Existential Cultures in Steiner Schools

Katie Aston and Dan Whisker reported on the initial stages of their research into interactions of non-religious parents and faith schools. The work to date had all taken place in Steiner schools, which base their ethos on Anthroposophy (a spiritual philosophy with roots in theosophy) . Steiner schools engage in ritual as a school community but actively avoid teaching doctrine. Education is individually focussed, with the intention of nurturing the spirit of the child. The schools are non-competitive and emphasise play as a means of learning.

The research involves surveys and interviews with parents, children and teachers. From this data Aston and Whisker identified that none of the parents with whom they spoke were either anthroposophists, or affiliated to any other religious tradition. All identified as either non-religious or spiritual. Most had also been dissatisfied with their own mainstream schooling, and this contributed to their approval of Steiner educational values and their choice of schools for their children.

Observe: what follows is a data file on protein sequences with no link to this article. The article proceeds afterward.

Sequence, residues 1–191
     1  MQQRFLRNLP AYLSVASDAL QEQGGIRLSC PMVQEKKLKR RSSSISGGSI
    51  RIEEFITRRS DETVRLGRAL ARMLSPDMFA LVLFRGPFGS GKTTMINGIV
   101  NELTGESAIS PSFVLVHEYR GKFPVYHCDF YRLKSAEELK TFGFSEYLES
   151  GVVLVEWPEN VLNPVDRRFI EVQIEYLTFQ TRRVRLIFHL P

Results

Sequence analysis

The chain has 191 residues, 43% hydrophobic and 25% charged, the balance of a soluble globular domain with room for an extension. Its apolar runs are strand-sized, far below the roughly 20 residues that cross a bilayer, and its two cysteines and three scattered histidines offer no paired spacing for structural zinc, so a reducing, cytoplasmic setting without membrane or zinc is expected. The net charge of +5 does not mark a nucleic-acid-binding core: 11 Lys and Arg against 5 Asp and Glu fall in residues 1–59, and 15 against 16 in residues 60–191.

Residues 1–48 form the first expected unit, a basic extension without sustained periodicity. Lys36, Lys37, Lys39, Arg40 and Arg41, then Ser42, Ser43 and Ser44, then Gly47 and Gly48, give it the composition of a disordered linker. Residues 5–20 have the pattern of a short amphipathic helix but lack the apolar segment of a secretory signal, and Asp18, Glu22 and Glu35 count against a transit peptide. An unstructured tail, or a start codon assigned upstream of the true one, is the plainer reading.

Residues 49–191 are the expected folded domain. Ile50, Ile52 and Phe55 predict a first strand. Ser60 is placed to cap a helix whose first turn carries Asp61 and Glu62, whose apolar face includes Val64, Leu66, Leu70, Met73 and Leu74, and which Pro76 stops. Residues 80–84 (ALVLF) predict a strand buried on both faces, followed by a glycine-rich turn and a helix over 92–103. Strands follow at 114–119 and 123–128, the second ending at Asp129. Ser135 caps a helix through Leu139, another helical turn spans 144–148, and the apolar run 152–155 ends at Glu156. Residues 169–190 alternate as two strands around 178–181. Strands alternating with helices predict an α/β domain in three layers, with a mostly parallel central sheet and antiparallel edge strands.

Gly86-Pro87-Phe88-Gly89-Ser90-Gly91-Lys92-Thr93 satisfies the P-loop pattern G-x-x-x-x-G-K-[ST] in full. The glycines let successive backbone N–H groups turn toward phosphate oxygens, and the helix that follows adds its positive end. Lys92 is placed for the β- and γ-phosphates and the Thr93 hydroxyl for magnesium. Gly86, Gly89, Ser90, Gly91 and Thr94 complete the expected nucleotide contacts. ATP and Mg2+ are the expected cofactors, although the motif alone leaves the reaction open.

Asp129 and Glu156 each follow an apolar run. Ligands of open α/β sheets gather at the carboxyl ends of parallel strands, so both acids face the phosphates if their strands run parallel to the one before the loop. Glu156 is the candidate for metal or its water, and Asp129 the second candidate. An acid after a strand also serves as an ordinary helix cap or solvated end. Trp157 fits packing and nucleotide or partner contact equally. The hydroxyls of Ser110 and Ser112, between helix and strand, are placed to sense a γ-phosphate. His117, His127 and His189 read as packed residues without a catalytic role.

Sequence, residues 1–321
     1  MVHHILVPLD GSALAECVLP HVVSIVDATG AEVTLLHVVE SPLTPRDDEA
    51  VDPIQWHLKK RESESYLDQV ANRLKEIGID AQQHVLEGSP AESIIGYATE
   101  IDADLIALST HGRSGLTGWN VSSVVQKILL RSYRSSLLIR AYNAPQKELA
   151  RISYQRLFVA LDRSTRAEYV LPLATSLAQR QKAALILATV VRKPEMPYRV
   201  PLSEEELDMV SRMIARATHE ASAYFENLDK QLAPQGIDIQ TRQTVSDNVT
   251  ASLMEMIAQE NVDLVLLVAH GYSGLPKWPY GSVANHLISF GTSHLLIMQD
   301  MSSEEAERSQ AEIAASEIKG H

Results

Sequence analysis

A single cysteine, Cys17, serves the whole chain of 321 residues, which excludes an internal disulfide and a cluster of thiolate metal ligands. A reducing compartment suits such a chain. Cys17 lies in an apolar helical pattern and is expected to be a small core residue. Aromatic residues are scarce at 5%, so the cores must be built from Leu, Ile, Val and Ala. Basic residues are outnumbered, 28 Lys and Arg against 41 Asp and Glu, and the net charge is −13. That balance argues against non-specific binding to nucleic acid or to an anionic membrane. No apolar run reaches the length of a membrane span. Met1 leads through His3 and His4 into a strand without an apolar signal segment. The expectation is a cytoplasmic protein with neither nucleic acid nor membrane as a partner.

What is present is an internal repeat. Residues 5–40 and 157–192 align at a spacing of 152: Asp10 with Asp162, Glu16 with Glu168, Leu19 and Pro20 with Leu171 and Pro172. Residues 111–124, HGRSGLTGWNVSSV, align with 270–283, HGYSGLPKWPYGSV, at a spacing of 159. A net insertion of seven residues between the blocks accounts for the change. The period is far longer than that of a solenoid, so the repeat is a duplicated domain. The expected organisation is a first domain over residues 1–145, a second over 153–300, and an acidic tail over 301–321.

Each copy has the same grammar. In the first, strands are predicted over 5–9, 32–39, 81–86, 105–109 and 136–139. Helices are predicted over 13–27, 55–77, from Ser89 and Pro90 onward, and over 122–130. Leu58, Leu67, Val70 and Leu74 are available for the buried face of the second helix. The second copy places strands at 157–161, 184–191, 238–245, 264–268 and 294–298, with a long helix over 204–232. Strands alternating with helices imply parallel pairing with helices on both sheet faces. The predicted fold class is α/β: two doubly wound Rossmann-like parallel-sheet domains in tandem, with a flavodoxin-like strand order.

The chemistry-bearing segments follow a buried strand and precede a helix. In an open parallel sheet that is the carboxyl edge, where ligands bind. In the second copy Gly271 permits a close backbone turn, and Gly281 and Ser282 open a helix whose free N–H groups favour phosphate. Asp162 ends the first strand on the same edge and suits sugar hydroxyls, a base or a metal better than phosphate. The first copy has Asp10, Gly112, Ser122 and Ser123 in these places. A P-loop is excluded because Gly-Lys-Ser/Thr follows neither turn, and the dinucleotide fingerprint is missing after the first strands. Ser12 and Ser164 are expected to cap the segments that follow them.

Aston and Whisker have identified several preliminary avenues of analysis regarding the value of faith schools to non-religious parents. These include the development of existential cultures, processes of sacralising childhood, and distinctions between verbalised meaning and shared experience. For me this offer a chance to explore the practical distinctions between concepts of religion, non-religion and spirituality for self-described non-religious parents, actively seeking education with a spiritual component for their children and choosing a religious school to provide this. The conceptual constructions at play here suggest the complexity and ambiguity of these terms and the ways they interact in a real-world context.

Pluralist Publics and the Scientific Study of Non-Religion

This panel began with an outline of the multi-disciplinary ‘Understanding Unbelief’ project and the sociological shifts underlying academic interest in non-religion before considering some current approaches in the field.